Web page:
Corporate sustainability should be about strategic value creation, rather than just a statement of values, and the integrated reporting framework could assist companies in seeing environmental, social and governance (ESG) as central to strategy, according to Jonathon Hanks, a South African sustainability expert.
“The thing is that many companies’ sustainability reports tend to focus on managing negative impacts, rather than increasing social value and they’re not for the most part core to strategy,” said Hanks. “It should be about value creation, rather than values. That’s the key element. Unfortunately, it’s not an approach that enough companies follow.”
The integrated reporting (IR) framework proposed by the International Integrated Reporting Council (IIRC) places ESG disclosures into the main body of financial disclosures, which would put sustainability into the heart of how companies approach corporate strategy. Hanks is member of a working group of the IIRC.
“The thing we’re trying to get with the next thing we’re trying to get with IR is a strategic reflection of how organisations create value now and in the future,” Hanks said. “For many companies , currently the reports are almost devoid of real societal context. What we’re trying to do is have a more nuanced view on how they create value.”
Hanks is the director of Incite Sustainability, which is a strategic consultancy and advocacy group that advises South African companies. He has more than 20 years’ experience in sustainability.
South Africa provides a model and a case study to how companies approach sustainability reporting. Companies listed on Johannesburg Stock Exchange (JSE) are now responsible for producing an integrated financial report that recognizes their impact on the environment and society and related reputational issues, or explaining why they are not reporting that information. The JSE in 2010 adopted standards requiring an if-not, why-not approach to integrated sustainability reporting. Hanks is a member of the Working Group of the South African Integrated Reporting Committee and contributed to drafting the IRC’s discussion paper on integrated reporting.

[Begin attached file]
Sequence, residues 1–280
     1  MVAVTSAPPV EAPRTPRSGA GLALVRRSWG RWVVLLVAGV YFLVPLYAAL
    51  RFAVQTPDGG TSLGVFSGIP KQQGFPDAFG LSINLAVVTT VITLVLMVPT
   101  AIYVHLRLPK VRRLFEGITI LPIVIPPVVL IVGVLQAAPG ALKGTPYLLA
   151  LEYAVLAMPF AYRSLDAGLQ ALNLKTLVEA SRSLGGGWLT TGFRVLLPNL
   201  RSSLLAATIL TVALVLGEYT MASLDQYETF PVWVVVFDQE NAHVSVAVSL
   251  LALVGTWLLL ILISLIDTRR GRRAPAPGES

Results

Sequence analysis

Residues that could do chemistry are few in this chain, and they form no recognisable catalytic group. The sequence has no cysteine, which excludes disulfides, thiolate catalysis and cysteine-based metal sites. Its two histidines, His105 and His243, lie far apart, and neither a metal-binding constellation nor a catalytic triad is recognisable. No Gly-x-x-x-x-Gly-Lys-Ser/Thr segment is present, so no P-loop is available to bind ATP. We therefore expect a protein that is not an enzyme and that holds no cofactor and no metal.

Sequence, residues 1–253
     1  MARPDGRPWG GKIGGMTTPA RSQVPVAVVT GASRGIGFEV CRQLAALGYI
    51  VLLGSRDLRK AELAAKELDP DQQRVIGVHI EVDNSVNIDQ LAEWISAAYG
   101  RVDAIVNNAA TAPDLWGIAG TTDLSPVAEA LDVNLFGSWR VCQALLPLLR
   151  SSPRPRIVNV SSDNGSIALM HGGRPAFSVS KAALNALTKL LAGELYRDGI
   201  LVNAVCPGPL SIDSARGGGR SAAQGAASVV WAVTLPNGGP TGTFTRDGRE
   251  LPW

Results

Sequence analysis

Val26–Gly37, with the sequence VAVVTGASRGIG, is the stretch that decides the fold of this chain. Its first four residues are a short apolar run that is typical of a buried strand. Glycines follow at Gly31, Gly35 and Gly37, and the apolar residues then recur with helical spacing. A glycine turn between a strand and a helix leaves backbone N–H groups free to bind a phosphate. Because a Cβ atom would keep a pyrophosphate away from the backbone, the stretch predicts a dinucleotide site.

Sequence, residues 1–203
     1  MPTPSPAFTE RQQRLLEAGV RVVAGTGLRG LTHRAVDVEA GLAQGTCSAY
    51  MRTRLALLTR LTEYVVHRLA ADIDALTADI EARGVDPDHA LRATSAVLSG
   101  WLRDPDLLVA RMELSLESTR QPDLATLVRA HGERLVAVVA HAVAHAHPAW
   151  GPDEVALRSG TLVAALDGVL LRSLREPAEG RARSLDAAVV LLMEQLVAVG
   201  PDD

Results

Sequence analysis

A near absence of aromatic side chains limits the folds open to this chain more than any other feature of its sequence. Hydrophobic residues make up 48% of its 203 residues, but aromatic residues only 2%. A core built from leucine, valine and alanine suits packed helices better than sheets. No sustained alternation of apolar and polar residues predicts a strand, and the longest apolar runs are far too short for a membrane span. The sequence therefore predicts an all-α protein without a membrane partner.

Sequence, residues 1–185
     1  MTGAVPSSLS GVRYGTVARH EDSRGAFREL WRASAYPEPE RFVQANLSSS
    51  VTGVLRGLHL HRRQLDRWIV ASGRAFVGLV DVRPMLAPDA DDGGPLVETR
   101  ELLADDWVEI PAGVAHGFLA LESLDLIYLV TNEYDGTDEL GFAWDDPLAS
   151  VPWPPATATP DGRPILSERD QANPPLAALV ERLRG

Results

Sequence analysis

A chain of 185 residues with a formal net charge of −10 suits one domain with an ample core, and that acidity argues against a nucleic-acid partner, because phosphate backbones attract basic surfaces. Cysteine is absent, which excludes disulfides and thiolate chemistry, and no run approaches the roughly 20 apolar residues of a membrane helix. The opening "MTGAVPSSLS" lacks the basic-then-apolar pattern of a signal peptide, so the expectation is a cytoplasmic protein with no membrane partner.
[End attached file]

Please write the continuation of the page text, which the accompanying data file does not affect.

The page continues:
Whilst this is the second financial year that listed companies are producing integrated reports, Hanks noted that the results are “mixed” and that some companies are still publishing “combined” reports – i.e., accounts in which sustainability metrics are published separate to the financial accounts.
“Not all companies I think are actually producing integrated reports in the full sense,” he said. “They are also not being held to account if they don’t produce the. For those who have done them, the performance has been mixed. Some are showing creative thinking, but I’m afraid that many are producing combined reports. The key challenge is to get companies engaged in the process to interrogate the issues. They see this as a nuisance factor and the mainstream accounting profession does not always appreciate the issues.”
Hanks also notes that investors – particularly institutional investors also need to get involved to prod their invested companies to comply with standards.
Hanks will discuss these themes at a series of seminars in several cities in Australia in May. The two-day programs are held in conjunction with the Australian Centre for Corporate Social Responsibility.